There are different kinds of gifts, but the same Spirit distributes them. There are different kinds of service, but the same Lord. There are different kinds of working, but in all of them and in everyone it is the same God at work. Now to each one the manifestation of the Spirit is given for the common good. (1 Corinthians 12:4-7)

Paul’s point here is that people make different contributions, but it is all the same God working or the same Spirit gifting, and it is all for the good of the one body.

It’s important and significant to see that there is no gender differentiation in these passages. Rather, they portray mutual ministry within church life where everyone contributes and everyone receives. Taking these passages seriously means we must expect men to be ministered to by women, including through teaching, encouraging, correcting, and so on. I can testify to the helpful teaching and encouragement I’ve received from women in my small group, even as one of the elders.

The Nuances of Teaching

At this point you might be asking, “But how does this fit with Paul’s prohibition in 1 Timothy 2:12 of women teaching or exercising authority over men?” This is where it is important to distinguish between the aspects of church life that count as “big-T Teaching” (the authoritative teaching of the male elders) and “small-t teaching” (the mutual “one another” teaching that everyone is to do in the church). For example, what about leading services? Leading singing/worship within services? Lead a mixed-sex Bible study or a mixed-sex youth group?

In answering the question “What type of teaching does this role entail?” it is key that we ask what is actually happening in each of the areas listed. We often know what we mean by a particular role in church life—we talk about someone “leading” a service, for example—but we’ve rarely examined it in any detail. And that means we’ve not asked whether the person is acting as an elder in what they are doing or what sort of teaching/authority is being exercised in this role. It may be that you don’t think any of the examples above involve teaching with elder-type authority, and so you are happy for women to do all of them. For others, it might depend on exactly what is happening and how it is done, and this is where different people will probably have differing opinions.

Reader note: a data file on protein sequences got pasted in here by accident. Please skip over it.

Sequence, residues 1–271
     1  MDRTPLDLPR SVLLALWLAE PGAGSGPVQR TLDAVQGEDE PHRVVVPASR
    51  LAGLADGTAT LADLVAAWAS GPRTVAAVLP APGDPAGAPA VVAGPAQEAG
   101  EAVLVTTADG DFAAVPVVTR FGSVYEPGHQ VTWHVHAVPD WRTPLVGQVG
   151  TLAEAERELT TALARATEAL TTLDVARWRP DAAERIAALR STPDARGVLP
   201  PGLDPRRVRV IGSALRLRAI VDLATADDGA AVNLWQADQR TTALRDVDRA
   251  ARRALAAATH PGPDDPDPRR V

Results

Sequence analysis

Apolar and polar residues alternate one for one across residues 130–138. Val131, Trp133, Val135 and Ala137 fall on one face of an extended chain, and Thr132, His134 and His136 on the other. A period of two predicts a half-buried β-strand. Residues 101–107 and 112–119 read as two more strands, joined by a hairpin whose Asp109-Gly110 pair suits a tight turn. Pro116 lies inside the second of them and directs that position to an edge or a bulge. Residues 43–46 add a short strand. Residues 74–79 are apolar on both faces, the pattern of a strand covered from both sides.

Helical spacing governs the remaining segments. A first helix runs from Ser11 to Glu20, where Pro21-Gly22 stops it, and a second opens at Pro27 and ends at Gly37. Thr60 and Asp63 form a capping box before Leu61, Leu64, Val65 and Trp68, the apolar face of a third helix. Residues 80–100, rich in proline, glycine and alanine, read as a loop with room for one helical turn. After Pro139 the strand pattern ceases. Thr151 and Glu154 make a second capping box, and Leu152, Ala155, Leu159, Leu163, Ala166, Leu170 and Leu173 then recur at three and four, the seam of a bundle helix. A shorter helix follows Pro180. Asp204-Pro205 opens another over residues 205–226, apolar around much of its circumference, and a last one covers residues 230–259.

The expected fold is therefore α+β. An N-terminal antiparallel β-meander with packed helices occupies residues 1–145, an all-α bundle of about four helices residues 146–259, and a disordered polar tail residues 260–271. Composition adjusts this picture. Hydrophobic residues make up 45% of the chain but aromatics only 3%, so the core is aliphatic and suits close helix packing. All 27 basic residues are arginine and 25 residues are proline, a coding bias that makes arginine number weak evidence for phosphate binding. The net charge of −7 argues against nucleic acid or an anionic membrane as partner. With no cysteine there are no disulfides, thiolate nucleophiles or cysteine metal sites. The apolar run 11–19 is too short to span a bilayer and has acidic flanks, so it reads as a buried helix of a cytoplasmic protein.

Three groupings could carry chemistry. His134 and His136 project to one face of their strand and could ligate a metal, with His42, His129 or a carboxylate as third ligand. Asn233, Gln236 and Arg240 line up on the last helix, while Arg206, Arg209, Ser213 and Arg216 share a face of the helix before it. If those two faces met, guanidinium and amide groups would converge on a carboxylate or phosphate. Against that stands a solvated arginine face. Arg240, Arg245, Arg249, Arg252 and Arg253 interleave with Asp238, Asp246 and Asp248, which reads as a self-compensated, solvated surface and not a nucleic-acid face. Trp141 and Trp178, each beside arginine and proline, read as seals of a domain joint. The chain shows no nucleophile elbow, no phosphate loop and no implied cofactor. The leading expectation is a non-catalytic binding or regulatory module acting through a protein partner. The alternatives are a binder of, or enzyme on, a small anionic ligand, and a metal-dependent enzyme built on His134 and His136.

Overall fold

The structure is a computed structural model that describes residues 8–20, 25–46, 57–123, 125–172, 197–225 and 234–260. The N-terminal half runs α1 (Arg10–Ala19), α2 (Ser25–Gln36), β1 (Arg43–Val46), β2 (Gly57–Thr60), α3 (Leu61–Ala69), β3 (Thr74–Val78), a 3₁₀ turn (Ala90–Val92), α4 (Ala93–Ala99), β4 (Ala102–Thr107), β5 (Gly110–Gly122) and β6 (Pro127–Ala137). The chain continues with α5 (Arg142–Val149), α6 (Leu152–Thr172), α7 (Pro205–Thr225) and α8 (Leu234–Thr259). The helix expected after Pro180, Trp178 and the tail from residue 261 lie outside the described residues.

As we’ll see, we should welcome, appreciate and nurture a wide range of ministry from everyone—including women— because that’s how churches grow

For example, some Bible-study leading is very much about enabling others to see what it is in a passage and therefore be seen as “small-t teaching” and therefore ok for a woman to do, while other forms are much more directive and didactic and are therefore “big-T Teaching” which needs to be done by male elders. However, other relational dynamics are often in play as well: the nature of the group, its regularity, age differential, and so on. This is where we need to admit that some things are a judgement call and we will probably land in different positions. But in order for women never to teach men in any way, men and women would need to live on different planets! Women (small-t) teach men in a variety of ways every day, and this is good and right.

It’s a little like a sports team. The coach sets the overall direction for the players and leads the training sessions. But players should still learn from each other and encourage each other. There is overall leadership and mutuality alongside each other.

Church leaders, whatever roles you decide women may undertake in your church—whatever they do or don’t do— how you feel about those roles, and how valuable you think they are, will show itself. Do you give the impression that women are essential co-workers? Or are they helpful extras? What we think here will be very significant in shaping the culture of our churches.

Graham Beynon

Graham Beynon is Head of Local Ministries, FIEC, UK. A popular conference speaker, Graham is the author of several books including Mirror, Mirror and Emotions. He is married to Charis and they have three children.